Dr. Levine: Well, when I first came on board I had an opportunity to kind of have a clean slate and to work with the districts on what kind of support they needed. So when we started it was basically kind of a gallery walk and I've continued that every year—where I put up big stickies on the wall and I have topics. And then they know ahead of time that they need to look at their data and talk to their people at the next meeting. Because our network meets monthly, of child welfare and attendance staff and directors, they'll have an opportunity to write up the kind of support they need in their district. So basically, you know they walk around and they write things up on charts and the other districts will be like: “Oh yeah I think that's a training we need too.” And then they'll put a, you know, a little hash mark there. And so we get a very good read from the districts in kind of in a very simple way. Because sometimes people are too busy to fill out surveys. They get so many emails. So I find that a simple exercise like that when they're in the room is much easier. And then myself and my administrators in my unit, we put those charts up in a work session and we see: Who do we know? What have we seen that we can bring this training? Sometimes we do the training ourselves you know. We're trained and have trainers in different areas like Olweus Bullying Prevention, navigating difference, youth mental health first aid, restorative practices. My people are all trained up in that. PBIS. Other trainings, we look at when we go to conferences. For example, HASWA (Health and Safety at Work Act) or Every Child Counts by ACSA (the Association of California School Administrators), or the state schools conference. And we go to sessions and then bring the trainers back.
Jacquelyn: Would you say that, like if I could say to you: “Wow, I think it's really wonderful that this county has, that Riverside County has focused in and drilled down enough to know which student groups are experiencing disproportionality. To do that in such a way that we need to take these specific actions then follow up on those specific actions and have all of this training and support that we can provide to our schools to help them improve.” If I were to tell you that I think that that's a success, would you say “yes” or “no” and why?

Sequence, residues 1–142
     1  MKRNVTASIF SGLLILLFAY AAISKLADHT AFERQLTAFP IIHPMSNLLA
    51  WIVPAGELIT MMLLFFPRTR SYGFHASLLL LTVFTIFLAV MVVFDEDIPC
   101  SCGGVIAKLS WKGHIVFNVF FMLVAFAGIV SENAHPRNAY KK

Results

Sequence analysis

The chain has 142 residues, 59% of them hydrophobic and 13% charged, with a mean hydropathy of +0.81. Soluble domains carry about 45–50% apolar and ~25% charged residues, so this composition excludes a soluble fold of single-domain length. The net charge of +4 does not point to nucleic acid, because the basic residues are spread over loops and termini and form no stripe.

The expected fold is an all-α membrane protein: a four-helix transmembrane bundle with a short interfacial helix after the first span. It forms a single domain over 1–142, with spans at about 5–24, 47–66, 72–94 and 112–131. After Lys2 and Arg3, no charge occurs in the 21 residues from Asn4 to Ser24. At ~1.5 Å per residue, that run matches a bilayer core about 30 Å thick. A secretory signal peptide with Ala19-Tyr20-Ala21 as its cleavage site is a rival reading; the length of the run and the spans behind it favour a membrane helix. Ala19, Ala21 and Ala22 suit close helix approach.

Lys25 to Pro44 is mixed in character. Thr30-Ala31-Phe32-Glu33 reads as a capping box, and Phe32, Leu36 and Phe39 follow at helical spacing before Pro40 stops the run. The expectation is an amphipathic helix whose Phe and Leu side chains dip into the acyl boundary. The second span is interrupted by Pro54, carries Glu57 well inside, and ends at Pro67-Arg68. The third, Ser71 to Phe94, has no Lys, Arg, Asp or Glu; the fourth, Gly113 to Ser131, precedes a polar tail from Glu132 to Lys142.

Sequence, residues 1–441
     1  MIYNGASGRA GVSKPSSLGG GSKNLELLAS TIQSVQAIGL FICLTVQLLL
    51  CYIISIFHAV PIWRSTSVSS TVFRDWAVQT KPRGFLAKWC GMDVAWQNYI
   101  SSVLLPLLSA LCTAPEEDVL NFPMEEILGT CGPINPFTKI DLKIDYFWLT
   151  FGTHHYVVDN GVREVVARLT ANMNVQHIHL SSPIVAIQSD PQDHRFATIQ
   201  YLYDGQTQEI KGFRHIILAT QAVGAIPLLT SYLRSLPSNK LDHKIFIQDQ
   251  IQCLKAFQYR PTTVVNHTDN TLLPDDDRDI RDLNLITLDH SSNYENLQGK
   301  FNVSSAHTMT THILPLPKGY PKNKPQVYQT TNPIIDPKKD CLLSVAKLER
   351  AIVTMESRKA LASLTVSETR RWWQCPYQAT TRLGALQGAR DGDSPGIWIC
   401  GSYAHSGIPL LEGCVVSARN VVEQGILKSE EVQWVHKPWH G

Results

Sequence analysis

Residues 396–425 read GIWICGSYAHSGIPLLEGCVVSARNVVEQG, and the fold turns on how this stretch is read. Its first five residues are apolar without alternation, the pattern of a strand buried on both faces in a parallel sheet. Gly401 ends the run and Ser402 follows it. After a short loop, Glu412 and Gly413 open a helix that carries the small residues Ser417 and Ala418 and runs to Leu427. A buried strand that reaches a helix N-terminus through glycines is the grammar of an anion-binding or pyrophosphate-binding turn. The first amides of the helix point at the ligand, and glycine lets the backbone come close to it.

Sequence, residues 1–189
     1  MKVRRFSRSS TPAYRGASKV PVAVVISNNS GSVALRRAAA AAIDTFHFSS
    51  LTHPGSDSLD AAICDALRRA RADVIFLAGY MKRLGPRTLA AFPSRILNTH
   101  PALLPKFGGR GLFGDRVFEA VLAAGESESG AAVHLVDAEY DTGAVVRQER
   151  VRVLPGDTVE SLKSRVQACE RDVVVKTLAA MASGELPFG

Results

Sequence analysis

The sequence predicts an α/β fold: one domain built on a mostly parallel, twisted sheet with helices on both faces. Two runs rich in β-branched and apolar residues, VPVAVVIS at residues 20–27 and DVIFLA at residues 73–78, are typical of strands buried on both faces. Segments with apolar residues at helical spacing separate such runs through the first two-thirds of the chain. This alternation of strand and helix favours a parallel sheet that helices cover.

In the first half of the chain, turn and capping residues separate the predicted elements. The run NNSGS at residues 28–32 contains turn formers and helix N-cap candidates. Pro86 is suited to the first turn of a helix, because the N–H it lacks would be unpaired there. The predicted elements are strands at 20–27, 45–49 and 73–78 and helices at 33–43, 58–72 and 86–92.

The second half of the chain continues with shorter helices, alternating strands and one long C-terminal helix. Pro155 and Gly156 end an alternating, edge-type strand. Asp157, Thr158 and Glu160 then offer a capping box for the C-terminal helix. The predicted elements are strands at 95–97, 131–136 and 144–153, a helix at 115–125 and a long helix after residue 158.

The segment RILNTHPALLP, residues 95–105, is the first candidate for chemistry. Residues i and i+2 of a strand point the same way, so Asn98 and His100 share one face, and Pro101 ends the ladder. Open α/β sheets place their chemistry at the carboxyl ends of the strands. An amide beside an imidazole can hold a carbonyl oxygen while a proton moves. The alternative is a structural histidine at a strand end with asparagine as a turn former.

Dr. Levine: I would say thank you because the accountability system is so new and we're kind of sometimes building the airplane as it as its flying. You know I believe we'll be tinkering with it and tweaking it and improving it every year with what we do as we as we learn more. And you know there's been changes every year in things like the template and you know waiting for the indicators. For example you know chronic absenteeism, we only had the one year of data on Dataquest. So the next dashboard will be the first time we'll see you know that data with the two years and so every year will be a little different. So I think we're working towards success and I think every year we will put a different spin on it in a good way and be working in the right direction.
Jacquelyn: Well that's continuous improvement in action right there.
Jacquelyn: You basically just summed it up. We're doing something that’s working pretty well, but we can always get better, and we will always get better and we'll continue to strive to do that year after year. I think that's amazing. If you are using Dashboard data to tell you okay this is how our schools have scored in dashboard and LCAP data, how our schools have shown growth or success in school climate or chronic absenteeism like you just mentioned—how do you then, how do you measure success in terms of the trainings that you're offering or the assistance that you're providing? How do you know that that is a success? What do you look for from your attendees? What do you look for from all the people who work with you to see how are we measuring our own success in providing services?
Dr. Levine: Yeah so a couple of things: We have our own evaluation form at the end of the training that we look at and we take seriously. And then what's interesting is the amount of signups will really tell us if the topic is really needed, if people have an interest. For example, every year I have a records training, which is really important. And this year we had a limit of 60 people but we actually had 93 attend because there were so many people who wanted to come. And if you look at school climate, I mean that records piece is really important as far as who can see records, things about transcripts, who has access. And so now I know for next year I need to plan two records workshops because there's a big demand. And so we look at those sign ups, but it seems that people really like our training in my unit. And it looks like the other units their training is hopping as well. Every unit provides trainings so you know mine is only a small piece of the pizza pie but we do take the evaluation seriously. And we, for example, now it's just September. So if a prep nurse came to me and said “you know we were talking at our districts and we could really use a training,” in whatever the area is, and we see that you don't have one on that topic for this year, I'll try to find one. And I’ll bring it to the county office. We really don't have any limits which I really like. We can we can bring in or provide whatever they need.